Thursday, October 1, 2009

Final Day 10

Even the local church had marionette hands attached to their columns! Some of the food was very naughty (fried donuts with hot Nutella anyone??), and the street theatre continued to delight. The last 2 pics show the final night at L'Annexe (you can just see Joanne Foley and Jenny Ellis foreground), and the all-important signposts for all that really matters in Charleville.

So Day 10 was a big day. I had three professional meetings: one with the Assistant Festival Director re requirements or advice on bringing independent Australian shows such as mine to the next Festival. They haven’t yet decided if it’s going to be in 2 years or 3, and the Director is understandably swamped right now. So for anyone who is interested, don’t apply till Jan 2010, and send DVDs.

Meeting #2 was with independent Israeli artist Yael Rasooly, who brought a 20min show, and was placed into a Double Bill by the Festival. We had a long talk over lunch, and she suggested an Australian Cabaret night, with 3 or 4 shows of 15-20mins. She advised applying to the main ‘In’ Festival, who she played with, but also an alternative production house like L’Annexe, where we hung out the most, with it’s relaxed atmosphere, cheap food, couches, friendly service, and wide variety of shows/vans/performance venues.

So Meeting #3 was with Julie, President of L’Annexe. She explained that they had set up the venue last Festival as an alternative to all the programmed shows, but that now the site was marked for demolition to make a car park. She said they had organised a big meeting to ask for permanent venue status with the local politicians, and the Ministry of Culture (who generously fund a lot of French artists), who had been very impressed with their case. She said they would be very interested in programming Australian performances, wanting to become more international. I offered to write a letter of support for their venue, and she was very keen. Then obviously L'Annexe could write a letter of support for me/us for touring funding applications in Australia...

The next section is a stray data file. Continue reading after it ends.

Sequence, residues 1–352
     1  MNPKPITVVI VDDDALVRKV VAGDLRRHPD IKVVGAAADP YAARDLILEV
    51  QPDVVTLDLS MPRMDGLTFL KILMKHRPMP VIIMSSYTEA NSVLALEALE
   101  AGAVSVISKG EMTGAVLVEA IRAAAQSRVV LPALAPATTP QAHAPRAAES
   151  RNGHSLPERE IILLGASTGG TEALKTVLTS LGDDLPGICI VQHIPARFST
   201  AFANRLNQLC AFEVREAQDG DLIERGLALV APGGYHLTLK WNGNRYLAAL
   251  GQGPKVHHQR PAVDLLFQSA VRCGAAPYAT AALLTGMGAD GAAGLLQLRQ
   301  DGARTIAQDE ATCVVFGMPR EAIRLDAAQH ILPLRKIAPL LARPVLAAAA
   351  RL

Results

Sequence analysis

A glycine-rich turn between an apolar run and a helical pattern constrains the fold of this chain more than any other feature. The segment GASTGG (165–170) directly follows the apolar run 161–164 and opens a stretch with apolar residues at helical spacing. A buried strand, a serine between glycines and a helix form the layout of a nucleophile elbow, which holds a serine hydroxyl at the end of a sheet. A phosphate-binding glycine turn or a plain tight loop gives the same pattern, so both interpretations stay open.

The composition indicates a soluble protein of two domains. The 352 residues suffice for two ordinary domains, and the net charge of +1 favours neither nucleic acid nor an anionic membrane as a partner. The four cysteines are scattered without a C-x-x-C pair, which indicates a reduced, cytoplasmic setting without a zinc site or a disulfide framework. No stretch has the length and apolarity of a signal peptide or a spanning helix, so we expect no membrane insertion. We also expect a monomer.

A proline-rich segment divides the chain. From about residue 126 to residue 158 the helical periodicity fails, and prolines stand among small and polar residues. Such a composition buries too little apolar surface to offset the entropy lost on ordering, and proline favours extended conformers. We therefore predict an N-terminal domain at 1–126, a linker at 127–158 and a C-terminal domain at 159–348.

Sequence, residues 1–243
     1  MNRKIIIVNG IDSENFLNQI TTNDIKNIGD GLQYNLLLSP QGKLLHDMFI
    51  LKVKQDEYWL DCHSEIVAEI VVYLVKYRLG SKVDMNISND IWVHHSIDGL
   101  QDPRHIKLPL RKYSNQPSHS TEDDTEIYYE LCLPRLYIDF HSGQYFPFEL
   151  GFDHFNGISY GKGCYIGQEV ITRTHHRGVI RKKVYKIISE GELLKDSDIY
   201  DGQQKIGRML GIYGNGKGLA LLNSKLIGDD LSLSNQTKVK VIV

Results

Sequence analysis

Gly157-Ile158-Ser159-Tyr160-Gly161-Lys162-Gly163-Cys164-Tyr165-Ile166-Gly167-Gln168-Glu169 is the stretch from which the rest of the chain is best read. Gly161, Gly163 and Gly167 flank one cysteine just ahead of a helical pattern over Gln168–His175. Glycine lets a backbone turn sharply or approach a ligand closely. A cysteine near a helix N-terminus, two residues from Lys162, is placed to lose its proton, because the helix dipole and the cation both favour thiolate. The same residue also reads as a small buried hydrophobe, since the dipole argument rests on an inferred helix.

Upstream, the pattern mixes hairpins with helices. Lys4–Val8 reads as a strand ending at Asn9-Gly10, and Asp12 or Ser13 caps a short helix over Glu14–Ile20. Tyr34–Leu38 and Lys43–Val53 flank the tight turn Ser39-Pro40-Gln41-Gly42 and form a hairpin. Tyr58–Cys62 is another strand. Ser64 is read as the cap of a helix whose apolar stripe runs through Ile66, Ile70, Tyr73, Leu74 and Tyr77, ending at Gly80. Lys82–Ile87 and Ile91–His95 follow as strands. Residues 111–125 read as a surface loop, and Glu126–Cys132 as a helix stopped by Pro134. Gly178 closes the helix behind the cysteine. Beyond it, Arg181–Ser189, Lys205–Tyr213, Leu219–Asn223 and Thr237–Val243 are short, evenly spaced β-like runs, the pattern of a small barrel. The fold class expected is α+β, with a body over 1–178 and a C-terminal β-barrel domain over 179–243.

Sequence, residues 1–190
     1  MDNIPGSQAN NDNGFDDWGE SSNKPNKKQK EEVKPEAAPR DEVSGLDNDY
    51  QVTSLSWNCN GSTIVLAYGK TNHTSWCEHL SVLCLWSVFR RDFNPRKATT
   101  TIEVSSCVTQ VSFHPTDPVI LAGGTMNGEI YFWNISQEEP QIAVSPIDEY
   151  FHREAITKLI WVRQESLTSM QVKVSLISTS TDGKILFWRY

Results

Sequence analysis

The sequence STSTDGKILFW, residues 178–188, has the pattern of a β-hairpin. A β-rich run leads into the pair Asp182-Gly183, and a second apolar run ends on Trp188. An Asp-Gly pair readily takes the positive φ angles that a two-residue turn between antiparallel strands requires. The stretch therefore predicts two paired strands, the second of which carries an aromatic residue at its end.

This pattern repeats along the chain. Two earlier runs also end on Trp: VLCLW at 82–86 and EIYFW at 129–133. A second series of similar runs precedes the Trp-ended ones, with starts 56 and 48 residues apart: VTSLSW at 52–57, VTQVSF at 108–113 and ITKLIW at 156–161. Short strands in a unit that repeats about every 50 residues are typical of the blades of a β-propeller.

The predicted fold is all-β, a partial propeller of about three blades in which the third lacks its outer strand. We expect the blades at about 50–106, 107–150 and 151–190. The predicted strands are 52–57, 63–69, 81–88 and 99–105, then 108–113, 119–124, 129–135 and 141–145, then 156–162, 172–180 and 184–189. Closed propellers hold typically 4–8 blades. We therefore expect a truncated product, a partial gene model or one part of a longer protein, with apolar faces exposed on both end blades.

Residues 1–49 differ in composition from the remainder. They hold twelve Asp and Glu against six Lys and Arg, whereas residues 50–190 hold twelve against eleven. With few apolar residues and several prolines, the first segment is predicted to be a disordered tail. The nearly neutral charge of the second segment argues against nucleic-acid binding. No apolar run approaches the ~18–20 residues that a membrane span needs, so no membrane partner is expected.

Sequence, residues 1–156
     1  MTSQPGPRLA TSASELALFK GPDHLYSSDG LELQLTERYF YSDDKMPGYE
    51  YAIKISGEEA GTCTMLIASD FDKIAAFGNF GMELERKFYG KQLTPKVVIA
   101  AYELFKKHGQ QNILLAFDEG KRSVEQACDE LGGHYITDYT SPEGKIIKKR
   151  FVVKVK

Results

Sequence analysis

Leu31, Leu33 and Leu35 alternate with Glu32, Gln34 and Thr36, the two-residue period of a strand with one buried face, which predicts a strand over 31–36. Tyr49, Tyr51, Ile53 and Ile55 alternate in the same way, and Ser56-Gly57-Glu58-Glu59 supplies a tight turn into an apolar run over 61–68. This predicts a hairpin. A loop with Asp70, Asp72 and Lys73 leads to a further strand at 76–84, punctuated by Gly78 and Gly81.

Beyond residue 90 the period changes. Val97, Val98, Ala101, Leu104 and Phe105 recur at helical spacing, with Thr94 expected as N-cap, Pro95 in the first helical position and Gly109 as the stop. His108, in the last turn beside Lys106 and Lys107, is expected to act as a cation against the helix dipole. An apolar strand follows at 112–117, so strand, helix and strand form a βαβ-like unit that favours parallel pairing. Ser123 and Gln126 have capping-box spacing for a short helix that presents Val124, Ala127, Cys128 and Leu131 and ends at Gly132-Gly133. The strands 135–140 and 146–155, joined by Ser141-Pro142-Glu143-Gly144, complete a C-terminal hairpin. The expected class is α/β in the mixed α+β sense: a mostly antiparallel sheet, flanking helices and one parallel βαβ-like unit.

Then my final 3 shows of 25- what a contrast. 'Traversees' by French company Theatre de l'Entrouvert- my friend who'd seen it already strongly advised me to go. It was quite lovely: ethereal, poetic, sparse yet vivid images, no text, tiny rod puppets, created and performed by a graduate of the Puppetry School. I really really enjoyed it.

Then I saw another rod puppet show which made me feel angry and disappointed. Even when I do a terrible show, I am not as bad as the puppeteer I saw in this one! And he had been invited from Italy; his puppetry manipulation was so poor I couldn't even clap at the end, I just had to leave. What a waste of money, and my time.

Then the big finale: Joan Baixas at the Municipal Theatre. I'd like to say he was incredible, but there was a lot of talking, some fairly poor acting, some interesting live painting onto a dirty sheet of canvas with back projections, and too much poor manipulation of a puppet head. But he IS a legend, having collaborated with Miro and so on, so I was grateful to be able to say 'Yes I've seen him'. He performed in Perth in 2008 at the Puppet Festival there, and I know several people who said it was the most amazing thing they've ever seen. But not this new show, sorry.

I post this now from the UK, and was missing France approximately 5 mins after arriving back in London. I intend to add some Reflections, and some Top Tips as I mentioned, and anything else which comes up. I had a fantastic time of course, and feel stretched, challenged, inspired, affirmed, and lucky to have been immersed in such a fascinating world.

Tuesday, September 29, 2009

Misc pics

Enjoy the eye candy. A fire-breathing dragon, and a hydraulic shoe exhibition which saw them all dance, move, shuffle, stamp and tap out a symphony.